The NICHD conducts research on osteogenesis imperfecta in order to clarify the ways in which the primary gene defect causes skeletal fragility and other connective-tissue symptoms. The Institute also aims to apply this knowledge to the treatment of children with these conditions.
Following the discovery of the genetic source of recessive OI, NICHD researchers now are working to advance understanding of its cellular and biochemical mechanisms. Parallel to this are studies with mouse models for OI to study disease pathogenesis and the skeletal matrix of OI, the effects of pharmacological therapies, and approaches to gene therapy.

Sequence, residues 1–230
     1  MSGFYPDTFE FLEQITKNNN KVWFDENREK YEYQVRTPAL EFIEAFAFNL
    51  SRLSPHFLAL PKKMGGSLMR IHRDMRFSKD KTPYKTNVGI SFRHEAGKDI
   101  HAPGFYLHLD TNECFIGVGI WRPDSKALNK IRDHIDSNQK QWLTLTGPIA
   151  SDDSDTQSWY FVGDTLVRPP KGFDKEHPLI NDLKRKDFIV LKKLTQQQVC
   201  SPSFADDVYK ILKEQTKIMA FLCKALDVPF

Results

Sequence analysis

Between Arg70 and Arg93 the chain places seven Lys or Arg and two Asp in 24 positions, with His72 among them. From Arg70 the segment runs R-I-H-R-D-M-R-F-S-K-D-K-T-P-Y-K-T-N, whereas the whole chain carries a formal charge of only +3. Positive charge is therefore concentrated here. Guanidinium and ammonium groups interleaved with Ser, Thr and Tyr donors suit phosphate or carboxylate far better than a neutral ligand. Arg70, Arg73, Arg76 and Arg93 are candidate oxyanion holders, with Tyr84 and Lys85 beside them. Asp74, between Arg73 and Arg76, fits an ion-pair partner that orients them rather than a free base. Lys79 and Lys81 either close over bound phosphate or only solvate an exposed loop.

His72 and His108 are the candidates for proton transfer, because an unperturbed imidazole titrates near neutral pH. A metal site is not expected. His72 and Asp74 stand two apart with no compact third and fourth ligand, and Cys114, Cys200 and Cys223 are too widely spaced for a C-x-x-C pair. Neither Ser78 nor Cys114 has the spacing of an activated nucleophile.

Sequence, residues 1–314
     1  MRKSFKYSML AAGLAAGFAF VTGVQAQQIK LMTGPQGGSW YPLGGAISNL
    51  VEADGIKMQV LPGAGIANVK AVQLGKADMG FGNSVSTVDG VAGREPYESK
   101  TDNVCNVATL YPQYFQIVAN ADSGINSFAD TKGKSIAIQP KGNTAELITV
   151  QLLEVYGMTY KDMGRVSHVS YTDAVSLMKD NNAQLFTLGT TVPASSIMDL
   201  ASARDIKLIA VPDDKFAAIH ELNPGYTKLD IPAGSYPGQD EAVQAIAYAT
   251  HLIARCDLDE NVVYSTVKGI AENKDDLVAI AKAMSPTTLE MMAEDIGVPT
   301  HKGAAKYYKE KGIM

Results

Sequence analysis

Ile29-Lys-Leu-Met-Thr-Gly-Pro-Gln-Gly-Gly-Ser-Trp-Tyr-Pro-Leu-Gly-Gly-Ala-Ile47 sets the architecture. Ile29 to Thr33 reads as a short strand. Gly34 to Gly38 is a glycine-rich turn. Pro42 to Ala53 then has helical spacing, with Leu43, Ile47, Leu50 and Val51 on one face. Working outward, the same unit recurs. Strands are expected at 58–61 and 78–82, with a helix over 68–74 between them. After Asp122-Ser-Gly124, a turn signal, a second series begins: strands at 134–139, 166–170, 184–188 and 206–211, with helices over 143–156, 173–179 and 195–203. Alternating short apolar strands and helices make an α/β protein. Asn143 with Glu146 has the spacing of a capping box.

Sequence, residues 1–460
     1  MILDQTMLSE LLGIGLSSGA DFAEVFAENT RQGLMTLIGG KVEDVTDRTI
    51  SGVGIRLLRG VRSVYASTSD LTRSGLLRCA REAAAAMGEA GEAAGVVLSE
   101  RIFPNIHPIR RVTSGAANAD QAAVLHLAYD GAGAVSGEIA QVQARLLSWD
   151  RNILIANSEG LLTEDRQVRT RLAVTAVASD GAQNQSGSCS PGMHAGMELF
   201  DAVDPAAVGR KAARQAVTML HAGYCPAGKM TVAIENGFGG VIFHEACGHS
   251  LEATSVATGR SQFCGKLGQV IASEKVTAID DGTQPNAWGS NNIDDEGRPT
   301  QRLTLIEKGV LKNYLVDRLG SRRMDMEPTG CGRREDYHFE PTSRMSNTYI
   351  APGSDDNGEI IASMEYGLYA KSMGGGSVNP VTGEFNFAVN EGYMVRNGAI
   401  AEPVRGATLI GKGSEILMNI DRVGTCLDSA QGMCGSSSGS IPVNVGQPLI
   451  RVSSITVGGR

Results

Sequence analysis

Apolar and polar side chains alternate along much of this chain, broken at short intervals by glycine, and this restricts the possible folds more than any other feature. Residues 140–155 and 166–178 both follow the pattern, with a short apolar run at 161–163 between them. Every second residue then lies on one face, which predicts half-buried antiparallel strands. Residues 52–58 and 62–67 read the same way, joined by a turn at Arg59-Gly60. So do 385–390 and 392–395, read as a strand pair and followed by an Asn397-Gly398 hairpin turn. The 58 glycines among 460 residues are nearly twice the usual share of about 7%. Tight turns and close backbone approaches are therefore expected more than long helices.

Clinical studies are also a significant piece of the NICHD’s OI research effort. In particular, these focus on children with types II and IV OI.